About half of hospitals' requests for an arthritis drug used to treat acute COVID-19 patients aren't being fulfilled as supplies run short, according to new data.
The Food and Drug Administration granted an emergency use authorization in June for Actemra, Roche's biologic that's mainly used for rheumatoid arthritis, to treat severely ill adults and pediatric patients hospitalized with COVID-19. Actemra has helped reduce risk of death and boosted recovery for patients who were receiving steroids and require supplemental oxygen, ventilation or extracorporeal membrane oxygenation, the agency said.
The average demand for intravenous Actemra surged 279% from mid-June to early August, according to data from the group purchasing organization Vizient. Fill rates for hospitals dropped from 99% to 45% over that period.
While hospitals have been able to source Eli Lily's Olumiant as an alternative, neither drug was made to meet the current demand, said Steven Lucio, senior principal of pharmacy solutions for Vizient. Actemra has been in short supply since Aug. 17, according to the FDA.
"It's hard to justify diverting something from one critically ill person to another who may not have alternatives," Lucio said, noting that the workarounds and ethical dilemmas are further straining healthcare workers. "The Actemra shortage has caused a lot of heartache and tough ethical decisions."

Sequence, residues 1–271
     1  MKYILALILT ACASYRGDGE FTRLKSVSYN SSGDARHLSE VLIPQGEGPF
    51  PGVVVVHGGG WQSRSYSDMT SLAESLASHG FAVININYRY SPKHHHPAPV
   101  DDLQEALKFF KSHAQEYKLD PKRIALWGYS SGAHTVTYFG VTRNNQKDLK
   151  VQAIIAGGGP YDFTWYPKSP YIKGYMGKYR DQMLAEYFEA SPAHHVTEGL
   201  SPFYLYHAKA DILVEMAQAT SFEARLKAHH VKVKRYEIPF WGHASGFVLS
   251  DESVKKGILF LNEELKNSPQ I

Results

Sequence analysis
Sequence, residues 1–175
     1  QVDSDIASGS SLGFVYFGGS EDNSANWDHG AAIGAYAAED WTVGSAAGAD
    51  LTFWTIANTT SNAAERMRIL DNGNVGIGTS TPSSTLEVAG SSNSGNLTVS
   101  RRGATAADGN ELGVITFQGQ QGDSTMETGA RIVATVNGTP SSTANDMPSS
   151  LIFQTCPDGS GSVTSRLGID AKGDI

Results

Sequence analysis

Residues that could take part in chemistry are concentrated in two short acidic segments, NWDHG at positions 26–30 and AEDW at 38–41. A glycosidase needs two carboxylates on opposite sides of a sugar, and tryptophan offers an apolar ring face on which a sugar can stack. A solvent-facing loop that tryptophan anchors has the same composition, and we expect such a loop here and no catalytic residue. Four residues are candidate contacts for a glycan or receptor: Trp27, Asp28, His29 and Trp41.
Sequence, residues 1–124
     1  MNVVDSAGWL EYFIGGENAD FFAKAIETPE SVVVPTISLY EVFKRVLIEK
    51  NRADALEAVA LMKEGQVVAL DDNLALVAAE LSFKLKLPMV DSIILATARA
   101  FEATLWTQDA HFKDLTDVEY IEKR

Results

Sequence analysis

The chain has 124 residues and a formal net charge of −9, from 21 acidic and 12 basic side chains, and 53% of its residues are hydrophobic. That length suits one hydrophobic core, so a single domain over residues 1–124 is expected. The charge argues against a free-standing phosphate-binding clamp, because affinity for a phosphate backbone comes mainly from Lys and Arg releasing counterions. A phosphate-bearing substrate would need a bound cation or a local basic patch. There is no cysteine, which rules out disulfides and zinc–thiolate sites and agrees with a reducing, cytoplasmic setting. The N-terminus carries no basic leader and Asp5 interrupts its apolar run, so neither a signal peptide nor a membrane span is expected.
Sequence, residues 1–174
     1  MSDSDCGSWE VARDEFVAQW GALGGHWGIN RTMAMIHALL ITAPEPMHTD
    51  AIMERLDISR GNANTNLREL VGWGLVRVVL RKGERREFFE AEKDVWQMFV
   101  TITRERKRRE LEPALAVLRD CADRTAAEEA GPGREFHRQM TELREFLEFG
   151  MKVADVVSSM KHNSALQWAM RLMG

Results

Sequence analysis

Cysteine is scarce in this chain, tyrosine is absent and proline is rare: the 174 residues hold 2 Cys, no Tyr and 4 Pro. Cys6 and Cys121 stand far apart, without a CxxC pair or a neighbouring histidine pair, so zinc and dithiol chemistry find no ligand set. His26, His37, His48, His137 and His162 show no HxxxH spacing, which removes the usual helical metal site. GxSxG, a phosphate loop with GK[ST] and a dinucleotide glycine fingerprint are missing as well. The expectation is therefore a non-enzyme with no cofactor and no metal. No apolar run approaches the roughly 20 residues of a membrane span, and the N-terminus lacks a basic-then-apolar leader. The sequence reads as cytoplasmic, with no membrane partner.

Although Actemra is used in only 4.5% of hospitalized COVID -19 patients, they tend to have higher lengths of stay, intensive care utilization and mortality rates, Vizient data show. More than 40% of COVID-19 patients who received Actemra were also treated with invasive ventilation.
Demand for Olumiant spiked 1,421% from mid-June to early August. But fill rates only dropped from 99% to 89% over that span. Fill rates for dexamethasone and remdesivir, which are also used for critically ill COVID-19 patients, have also remained relatively steady.
But painkillers used for patients on ventilators have periodically been in short supply. Hospital fill rates of intravenous analgesics dropped from 93% to 81% from early July to early August, according to Vizient.
As for rheumatoid arthritis patients, the first choice is typically for AbbVie's top-selling drug Humira. If a patient is on Actemra, that likely means that other drugs didn't work. Changing course can be dangerous, Lucio said, adding that Actemra is also used for CAR T-cell therapy. The subcutaneous version of Actemra is not authorized for COVID-19 patients.
"Rheumatoid arthritis can be quite variable," Lucio said. "If someone has gotten to Actemra, they more than likely failed other drugs and physicians don't want to disrupt treatment."
Global sales of Actemra have increased 17% from $1.46 billion in the first half of 2020 to $1.64 billion through the quarter ended June 30.